Stereotype #8: Western culture has not resulted in any positive achievement

America has an extraordinary record of achievement. We are the most technologically innovative nation in history, and 20th century Americans created a society of unprecedented prosperity and freedom.

However, you would never know any of this from A People’s History. For example, Zinn ignores the life-improving technologies invented by Americans in the 19th and early 20th centuries, such electronic appliances and lighting, the telephone, the automobile, and the radio. Rather, all he sees is the undeniable poverty of workers at that time and the “back-breaking, unhealthful, and dangerous work” they were forced to perform.29 Thus, we get endless descriptions of child labor, unsafe working conditions, and other forms of misery. Moreover, Zinn does not tell his readers how much labor conditions had improved by the middle of the 20th century America. If all one read was Zinn, one would think that workers were treated as poorly today as they were at the turn of the 19th century.

Similarly, Zinn puts a negative spin on Americans’ accomplishments. The public education system that Americans developed in the 19th and 20th centuries was a triumph of civilization, enabling even the poorest children to free themselves from the trammels of ignorance and improve their condition. While Zinn notices the growth of public schooling in this period, he refuses to see it as a positive achievement. Rather, education is a mere means of class exploitation and control:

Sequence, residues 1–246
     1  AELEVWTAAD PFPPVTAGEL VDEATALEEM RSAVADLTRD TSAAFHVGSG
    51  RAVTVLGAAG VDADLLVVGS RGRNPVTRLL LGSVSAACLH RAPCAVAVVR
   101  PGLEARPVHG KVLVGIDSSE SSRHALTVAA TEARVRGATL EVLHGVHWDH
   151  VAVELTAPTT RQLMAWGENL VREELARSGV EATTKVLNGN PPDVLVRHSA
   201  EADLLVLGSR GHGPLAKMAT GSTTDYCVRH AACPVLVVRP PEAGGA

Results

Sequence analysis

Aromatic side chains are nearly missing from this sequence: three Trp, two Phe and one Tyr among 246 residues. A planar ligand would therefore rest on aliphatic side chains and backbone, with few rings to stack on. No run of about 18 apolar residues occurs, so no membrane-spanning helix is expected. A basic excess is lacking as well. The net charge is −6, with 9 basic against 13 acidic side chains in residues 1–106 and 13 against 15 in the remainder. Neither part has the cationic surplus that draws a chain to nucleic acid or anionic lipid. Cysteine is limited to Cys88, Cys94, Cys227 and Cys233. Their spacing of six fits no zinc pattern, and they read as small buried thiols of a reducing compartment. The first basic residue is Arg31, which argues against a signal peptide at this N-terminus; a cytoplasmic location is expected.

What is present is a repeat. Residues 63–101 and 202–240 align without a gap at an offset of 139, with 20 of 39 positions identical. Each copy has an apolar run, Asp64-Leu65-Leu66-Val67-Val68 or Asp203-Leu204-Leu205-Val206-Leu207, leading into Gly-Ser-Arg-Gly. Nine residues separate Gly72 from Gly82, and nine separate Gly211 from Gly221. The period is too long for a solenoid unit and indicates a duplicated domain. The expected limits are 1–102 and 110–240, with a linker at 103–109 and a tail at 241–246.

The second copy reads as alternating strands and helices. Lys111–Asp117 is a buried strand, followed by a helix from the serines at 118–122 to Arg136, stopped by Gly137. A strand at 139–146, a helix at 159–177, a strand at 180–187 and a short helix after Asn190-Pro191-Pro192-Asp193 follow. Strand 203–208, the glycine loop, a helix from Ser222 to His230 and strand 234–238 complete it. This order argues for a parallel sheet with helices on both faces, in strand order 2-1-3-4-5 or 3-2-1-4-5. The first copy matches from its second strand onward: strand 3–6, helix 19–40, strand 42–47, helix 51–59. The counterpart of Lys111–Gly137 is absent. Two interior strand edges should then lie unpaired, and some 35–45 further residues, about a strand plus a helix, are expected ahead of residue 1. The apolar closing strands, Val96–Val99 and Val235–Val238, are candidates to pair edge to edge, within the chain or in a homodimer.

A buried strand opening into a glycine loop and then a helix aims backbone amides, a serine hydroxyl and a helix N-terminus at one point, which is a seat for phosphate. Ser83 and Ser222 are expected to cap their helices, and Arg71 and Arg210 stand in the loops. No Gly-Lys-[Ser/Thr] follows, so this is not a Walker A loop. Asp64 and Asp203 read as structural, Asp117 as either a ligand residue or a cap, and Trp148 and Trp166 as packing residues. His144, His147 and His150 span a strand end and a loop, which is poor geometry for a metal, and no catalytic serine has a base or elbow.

The spread of public education enabled the learning of writing, reading, and arithmetic for a whole generation of workers, skilled and semiskilled, who would be the literate labor force of the new industrial age. It was important that these people learn obedience to authority. “The unkindly spirit of the teacher is strikingly apparent; the pupils, being completely subjugated to her will, are silent and motionless, the spiritual of the classroom is damp and chilly.30

When Zinn does mention America’s technological achievements, he casts them as a negative force, at one point urging Americans to revolt against the reign of “doomsday technology.”31 Prominent mentions of technology include protests against nuclear power plants32 and atomic weapons.33.

The Exception of World War II Japan